Books: Reading Pytonga, Part 2

by anneMoore on August 21, 2014

I’m always reading but I read most in or near a cabin in the woods, in Quebec, Canada, beside Lac Pytonga. Days are long and lazy there (well, I did take some IMG_2818epic runs) and nights are free of the usual distractions, since there’s no t.v. and no Internet and no cell service and someone other than me and mine has made, served and cleaned up dinner. Sure, we play Scrabble and hearts and this year unearthed Time, a trivia game that spans the Twenties to the Eighties.

During the day I swim and run and hike and kayak and pick wild raspberries and blackberries, the dogs along with me for the walk. At night, we have a popcorn tasting “war” with neighbors.

Mostly I read. I read on the boat, while others fish. I read on the beach, while kids gunnel-bob or paddleboard or jump from docks. I read when the weather turns cold and rainy and sends us indoors, beside a fire.

This year I read four big books, all of which I can recommend.

IMG_2850First was Colum McCann’s TransAtlantic, a multigenerational Irish and American saga. Easily he weaves seven interlocked stories, beginning with the hoopla of the first trans-Atlantic flight in 1919 and ending in 2011, with a mother grieving her then-19 year old son, slain by Irish terrorists. Poverty, immigration, daring, untimely death, race, peace negotiations and an un-opened letter. A slow, good read.

Next I read Adrian Nicole LeBlanc’s Random Family, nonfiction published in 2003. (Thank you, Cherie.) Poverty in the Bronx is a seemingly endless cycle of teen pregnancy, absent or incarcerated fathers, drug dealing, children raising children. It’s not just men who disappear. A main character, the beautiful Jessica, spends years in Federal Prison for her role in a heroin drug ring. This is a long, brutal, magnificent story, which ends on a hopeful note. Of all these summer reads, this was the one that gave me book grief.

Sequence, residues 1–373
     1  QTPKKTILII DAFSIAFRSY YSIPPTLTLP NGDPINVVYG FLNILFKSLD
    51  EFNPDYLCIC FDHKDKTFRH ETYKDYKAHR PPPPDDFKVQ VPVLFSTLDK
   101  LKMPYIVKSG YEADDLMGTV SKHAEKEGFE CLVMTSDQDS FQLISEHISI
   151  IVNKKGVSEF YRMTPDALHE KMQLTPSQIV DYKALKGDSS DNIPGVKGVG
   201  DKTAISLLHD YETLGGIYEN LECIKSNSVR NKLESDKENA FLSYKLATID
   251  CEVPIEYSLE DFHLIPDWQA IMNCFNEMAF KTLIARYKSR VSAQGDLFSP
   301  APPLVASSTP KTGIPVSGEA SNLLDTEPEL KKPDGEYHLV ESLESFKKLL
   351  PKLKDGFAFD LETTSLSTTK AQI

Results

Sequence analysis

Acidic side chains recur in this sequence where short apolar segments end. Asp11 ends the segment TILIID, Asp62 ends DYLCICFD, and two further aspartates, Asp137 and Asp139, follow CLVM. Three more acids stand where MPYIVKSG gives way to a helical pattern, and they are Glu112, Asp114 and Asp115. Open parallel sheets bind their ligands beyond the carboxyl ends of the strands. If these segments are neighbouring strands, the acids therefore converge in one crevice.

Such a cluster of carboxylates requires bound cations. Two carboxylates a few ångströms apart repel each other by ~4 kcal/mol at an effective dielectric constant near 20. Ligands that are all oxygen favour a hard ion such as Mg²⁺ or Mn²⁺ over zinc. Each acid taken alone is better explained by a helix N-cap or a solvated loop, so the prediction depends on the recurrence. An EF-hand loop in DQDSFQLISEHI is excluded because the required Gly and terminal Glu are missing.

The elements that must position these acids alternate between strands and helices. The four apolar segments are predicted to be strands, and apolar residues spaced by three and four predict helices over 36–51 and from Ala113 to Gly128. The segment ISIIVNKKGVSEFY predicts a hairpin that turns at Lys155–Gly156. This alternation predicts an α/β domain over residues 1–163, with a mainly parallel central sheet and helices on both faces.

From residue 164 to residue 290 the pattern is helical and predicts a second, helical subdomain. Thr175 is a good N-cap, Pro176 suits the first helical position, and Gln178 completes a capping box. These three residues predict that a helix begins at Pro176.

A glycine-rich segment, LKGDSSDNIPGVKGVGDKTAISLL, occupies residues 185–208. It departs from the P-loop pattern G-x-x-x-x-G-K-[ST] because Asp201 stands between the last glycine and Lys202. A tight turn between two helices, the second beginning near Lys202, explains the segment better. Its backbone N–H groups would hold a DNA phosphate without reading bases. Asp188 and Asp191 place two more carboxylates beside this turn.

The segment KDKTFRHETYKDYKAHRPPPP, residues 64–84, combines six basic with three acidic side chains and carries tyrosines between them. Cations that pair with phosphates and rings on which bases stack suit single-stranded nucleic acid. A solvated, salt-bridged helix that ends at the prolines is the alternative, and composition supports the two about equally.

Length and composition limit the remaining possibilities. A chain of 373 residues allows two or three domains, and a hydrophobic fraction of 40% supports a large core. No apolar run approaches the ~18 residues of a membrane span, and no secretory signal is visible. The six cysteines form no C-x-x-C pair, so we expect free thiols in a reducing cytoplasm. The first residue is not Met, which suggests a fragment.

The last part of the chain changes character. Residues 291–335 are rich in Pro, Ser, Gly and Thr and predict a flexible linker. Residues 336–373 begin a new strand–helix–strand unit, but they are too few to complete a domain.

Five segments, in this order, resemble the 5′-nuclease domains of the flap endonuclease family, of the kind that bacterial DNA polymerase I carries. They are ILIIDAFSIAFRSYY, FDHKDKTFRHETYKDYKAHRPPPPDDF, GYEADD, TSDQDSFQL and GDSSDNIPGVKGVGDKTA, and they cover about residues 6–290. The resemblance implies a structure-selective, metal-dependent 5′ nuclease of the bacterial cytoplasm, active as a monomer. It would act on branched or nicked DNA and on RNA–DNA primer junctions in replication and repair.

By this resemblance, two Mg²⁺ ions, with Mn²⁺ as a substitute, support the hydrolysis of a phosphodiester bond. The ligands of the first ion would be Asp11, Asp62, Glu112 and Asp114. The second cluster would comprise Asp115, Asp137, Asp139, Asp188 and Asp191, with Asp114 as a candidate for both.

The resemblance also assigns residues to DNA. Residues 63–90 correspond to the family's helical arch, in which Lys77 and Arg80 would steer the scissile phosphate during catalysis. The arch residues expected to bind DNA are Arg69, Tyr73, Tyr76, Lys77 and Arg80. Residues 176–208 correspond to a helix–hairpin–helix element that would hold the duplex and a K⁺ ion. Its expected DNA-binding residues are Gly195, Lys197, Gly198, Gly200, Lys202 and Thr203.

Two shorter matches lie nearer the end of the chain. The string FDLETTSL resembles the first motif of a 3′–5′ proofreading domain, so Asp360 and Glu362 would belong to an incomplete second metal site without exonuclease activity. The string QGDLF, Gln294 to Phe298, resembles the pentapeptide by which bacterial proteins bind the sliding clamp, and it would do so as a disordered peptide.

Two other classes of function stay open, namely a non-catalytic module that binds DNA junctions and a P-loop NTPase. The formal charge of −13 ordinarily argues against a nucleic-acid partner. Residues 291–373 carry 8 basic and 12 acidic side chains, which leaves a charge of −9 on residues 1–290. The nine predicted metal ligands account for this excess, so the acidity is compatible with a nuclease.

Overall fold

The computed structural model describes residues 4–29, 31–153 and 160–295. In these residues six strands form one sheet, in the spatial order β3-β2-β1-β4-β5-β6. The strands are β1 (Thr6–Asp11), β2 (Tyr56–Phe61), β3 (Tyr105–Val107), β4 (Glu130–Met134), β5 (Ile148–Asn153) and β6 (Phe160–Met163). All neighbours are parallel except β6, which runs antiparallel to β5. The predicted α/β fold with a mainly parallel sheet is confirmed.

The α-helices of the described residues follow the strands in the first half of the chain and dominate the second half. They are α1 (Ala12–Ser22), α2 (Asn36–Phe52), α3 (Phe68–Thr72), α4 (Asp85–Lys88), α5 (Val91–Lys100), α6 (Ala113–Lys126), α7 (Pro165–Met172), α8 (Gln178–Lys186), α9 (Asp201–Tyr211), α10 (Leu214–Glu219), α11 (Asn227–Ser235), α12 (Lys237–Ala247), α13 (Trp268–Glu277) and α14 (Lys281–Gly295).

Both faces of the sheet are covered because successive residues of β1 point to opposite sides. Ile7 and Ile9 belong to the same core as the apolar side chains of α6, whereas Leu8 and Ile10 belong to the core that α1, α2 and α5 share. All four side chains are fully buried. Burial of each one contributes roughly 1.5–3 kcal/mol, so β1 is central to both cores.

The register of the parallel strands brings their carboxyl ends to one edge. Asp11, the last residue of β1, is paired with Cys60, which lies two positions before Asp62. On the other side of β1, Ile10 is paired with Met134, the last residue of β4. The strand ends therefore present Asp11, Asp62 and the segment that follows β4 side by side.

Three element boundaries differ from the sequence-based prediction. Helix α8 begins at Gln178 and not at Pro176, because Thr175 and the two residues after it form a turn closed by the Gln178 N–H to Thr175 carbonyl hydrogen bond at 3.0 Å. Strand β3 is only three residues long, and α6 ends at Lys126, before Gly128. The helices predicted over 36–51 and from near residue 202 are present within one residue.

IMG_2835A friend in camp was hooked by Bret Anthony Johnston’s Remember Me Like This and lent it to me once he’d finished. It’s a compelling read, beautifully written, about a family whose missing son returns home after four years, now age 16. The boy’s captor is freed on bail. It’s hot and humid in Corpus Christi: add child abduction and rape for a potboiler. An engaging, thoughtful read. (Thank you, Larry.)

Finally, I curled up for days with Anthony Doerr’s All the Light We Cannot See, a beguiling tale set before and during World War Two, as residents flee Paris and later, with the German occupation and siege of St. Malo, a walled city in Breton. In alternating chapters we meet a blind girl in France who becomes a resistor and a German orphan adept at radio construction and use. How these two come together, in St. Malo, is the story of the book. I was completely taken in by this tale, even though it began to smell like a Disney movie. Skip the present-day ending; it’s treacly, and unnecessary.

That’s it for summer reading. On to fall.

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